Tips & Tools for Education and School Readiness

Supporting children and their families in the transition into kindergarten is one of the most important ways that AHS prepares children for their lifelong learning journey. Communication and collaboration between all parties is an important factor in creating a successful experience for Aboriginal children in school. AHS staff help families connect with the school district representatives in sharing information and awareness of each other’s needs and expectations.

  • The Stepping Stones to School Transition Toolkit is a step-by-step guide to supporting children, their families and members of the school system in a successful transition to kindergarten. In this free guide, you’ll find many tips and tools for creating activities that foster communication and prepare both families and school staff for a positive experience. This guide can be downloaded here: SSSP transition toolkit.pdf

  • The Parent Advisory Council offers opportunities and support for AHS parents who have children entering into kindergarten. Representatives from the local primary schools are often invited to attend meetings in order to help with enrollment, bring resource packages, and answer questions.

    “My daughter was in Aboriginal Head Start – she’s in grade seven now. She excelled when she got into kindergarten. The teacher actually asked me “Where did she go to preschool?” because she knew far more than most kindergarteners…”
    - Caroline Laughington: Former Parent, Qwallayuw AHS

  • P.A.L.S. (Parents As Literacy Supporters) A highly successful literacy program for 4-6 year olds from UBC that incorporates building parents’ literacy along with their children’s. For more info, go to:

  • Success by 6
    The Success by 6 Program for preschoolers includes a cultural component and enhances literacy and community support. The Granny & Grampa Connections Box is a valuable resource for incorporating culture into early childhood programs. Find our more at:

  • Moe the Mouse
    Moe the Mouse is an Aboriginal-based Program Kit developed to promote Speech, Language and Literacy at home and in the school. Moe Mouse (a stuffed toy) is sent home in a packsack for an overnight stay with a child. He brings with him a book called Mama, Do You Love Me? and a personal activity book for the child and parents to fill out together and bring back to school for sharing. This resource is available from BCACCS. Go to

  • Learning to Read Each Other: Teaching Emotional Literacy to Children is one of many workshops offered by BC Aboriginal Child Care Society. Go to:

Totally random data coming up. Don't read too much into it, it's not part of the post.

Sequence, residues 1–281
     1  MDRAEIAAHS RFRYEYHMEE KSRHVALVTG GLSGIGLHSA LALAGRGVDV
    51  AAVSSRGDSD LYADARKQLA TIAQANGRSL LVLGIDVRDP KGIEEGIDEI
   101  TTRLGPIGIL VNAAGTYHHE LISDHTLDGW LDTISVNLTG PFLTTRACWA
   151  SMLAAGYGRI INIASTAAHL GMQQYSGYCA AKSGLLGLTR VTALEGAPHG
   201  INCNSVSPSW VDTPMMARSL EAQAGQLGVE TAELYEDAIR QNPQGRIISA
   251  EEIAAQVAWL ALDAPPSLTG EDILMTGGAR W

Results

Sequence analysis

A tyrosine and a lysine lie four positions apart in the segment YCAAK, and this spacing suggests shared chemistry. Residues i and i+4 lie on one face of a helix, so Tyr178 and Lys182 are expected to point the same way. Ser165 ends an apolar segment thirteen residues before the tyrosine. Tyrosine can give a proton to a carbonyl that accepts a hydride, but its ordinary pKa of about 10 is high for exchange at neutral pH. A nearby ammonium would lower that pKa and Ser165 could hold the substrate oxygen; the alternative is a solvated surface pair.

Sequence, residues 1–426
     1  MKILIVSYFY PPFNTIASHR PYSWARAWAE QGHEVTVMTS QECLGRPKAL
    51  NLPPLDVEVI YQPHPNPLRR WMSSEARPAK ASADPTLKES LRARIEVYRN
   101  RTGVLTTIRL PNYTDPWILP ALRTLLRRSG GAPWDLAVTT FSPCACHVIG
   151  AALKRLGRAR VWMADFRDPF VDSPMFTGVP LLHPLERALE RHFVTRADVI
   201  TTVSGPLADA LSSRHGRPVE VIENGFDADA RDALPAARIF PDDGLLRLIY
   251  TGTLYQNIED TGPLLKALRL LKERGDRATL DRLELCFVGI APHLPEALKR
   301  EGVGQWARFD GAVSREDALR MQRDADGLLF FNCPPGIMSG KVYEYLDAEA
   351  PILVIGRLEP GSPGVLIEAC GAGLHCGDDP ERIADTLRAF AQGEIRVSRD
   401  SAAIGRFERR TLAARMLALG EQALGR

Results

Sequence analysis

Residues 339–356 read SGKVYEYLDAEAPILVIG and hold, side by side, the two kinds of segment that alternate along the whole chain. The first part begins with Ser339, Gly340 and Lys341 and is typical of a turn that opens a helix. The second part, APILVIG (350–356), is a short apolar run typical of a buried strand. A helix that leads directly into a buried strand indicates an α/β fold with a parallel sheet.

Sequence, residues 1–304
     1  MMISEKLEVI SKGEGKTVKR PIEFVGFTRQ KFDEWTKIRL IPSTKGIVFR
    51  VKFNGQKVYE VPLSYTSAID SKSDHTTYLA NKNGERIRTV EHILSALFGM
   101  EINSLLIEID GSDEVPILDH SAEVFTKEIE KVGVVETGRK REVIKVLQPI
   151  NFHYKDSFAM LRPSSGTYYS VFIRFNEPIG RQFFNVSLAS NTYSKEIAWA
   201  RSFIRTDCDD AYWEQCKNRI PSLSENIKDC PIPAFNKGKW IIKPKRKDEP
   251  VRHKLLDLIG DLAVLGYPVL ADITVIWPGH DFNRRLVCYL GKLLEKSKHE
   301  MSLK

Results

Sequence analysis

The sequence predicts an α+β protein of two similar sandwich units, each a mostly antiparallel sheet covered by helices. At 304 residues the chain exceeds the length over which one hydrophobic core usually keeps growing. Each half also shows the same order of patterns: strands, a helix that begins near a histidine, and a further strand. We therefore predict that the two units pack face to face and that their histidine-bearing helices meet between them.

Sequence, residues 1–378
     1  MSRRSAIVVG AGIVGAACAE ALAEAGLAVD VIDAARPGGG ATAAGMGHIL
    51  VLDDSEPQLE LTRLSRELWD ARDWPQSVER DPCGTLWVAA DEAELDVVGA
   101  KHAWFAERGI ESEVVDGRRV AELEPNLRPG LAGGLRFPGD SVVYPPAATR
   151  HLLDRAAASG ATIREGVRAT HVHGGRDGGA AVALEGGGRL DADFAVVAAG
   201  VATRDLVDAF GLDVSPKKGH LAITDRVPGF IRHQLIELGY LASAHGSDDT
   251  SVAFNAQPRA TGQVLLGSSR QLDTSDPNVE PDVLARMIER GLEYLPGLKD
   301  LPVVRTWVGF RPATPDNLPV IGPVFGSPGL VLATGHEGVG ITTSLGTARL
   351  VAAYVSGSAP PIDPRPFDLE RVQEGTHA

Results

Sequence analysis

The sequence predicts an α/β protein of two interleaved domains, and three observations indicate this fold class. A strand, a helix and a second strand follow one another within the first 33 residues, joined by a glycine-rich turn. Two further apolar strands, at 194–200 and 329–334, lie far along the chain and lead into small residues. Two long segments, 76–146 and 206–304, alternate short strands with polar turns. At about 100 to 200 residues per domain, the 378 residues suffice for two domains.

• Brain Gym offers tools to support Language Immersion. Find out more at

    “The biggest change for the students that come from Aboriginal Head Start is their language. Every child who comes into kindergarten from Head Start loves books; every child is willing to sit and look at their own book. In the past, children didn’t understand this was going to be a positive experience; they would hold the books upside down and backwards, and that never happens anymore… and their comprehension is significantly much better. So the language and literacy activities you’ve worked with have shown benefit to the children.”
    - Amber Knezacek: Kindergarten Teacher, Terrace BC

  • Dr. Jan Hare from the Department of Language and Literacy Education at the University of BC in Vancouver has prepared a list of Aboriginal children’s books available from our Other Resources page

  • To save money, check out children’s books at your Community Library to see which ones are suitable to buy for your program.

  • First Nations Publishers & Booksellers:

    • Gabriel Dumont Institute of Métis Studies and Applied Research – You can find Michif Curriculum resources and Métis book titles at

    • Good Minds – Educational resources, search by topic and/or grade level. Native owned and operated. Go to

    • The Native Book Centre – Books, videos, audios and CD ROMs, search by category… go to

    • Kegedonce Press – Committed to the development, promotion and publication of the work of Indigenous writers nationally and internationally. Go to

    • Pemmican Publishers – A Métis cultural and educational publishing house for the creative and vocational outlet of the Métis people of Manitoba. Go to

    • Oyate – A Native organization working to see that our lives and histories are portrayed honestly. For more info, go to

    • Theytus Books – Aboriginal owned book company in Penticton BC offers a collection of children’s cultural literature. GO to

  • Aboriginal Affairs and Northern Development Canada (AADNC/AANDC) website offers a great list of children’s literature about Aboriginal peoples written by Canadian authors. They also have multi-media, games and classroom resources at Kids’ Stop

    “We’re not just dealing with the children from 9 am to 3 pm every day; we’re helping families access services when they need it, we’re lending a listening ear to them when they need it, we’re getting them to build on the resources that they already have, and building capacity within our families to move forward…”
    - Anita Zakresky: Senior Manager, Family Wellness Programs, Prince George Native Friendship Centre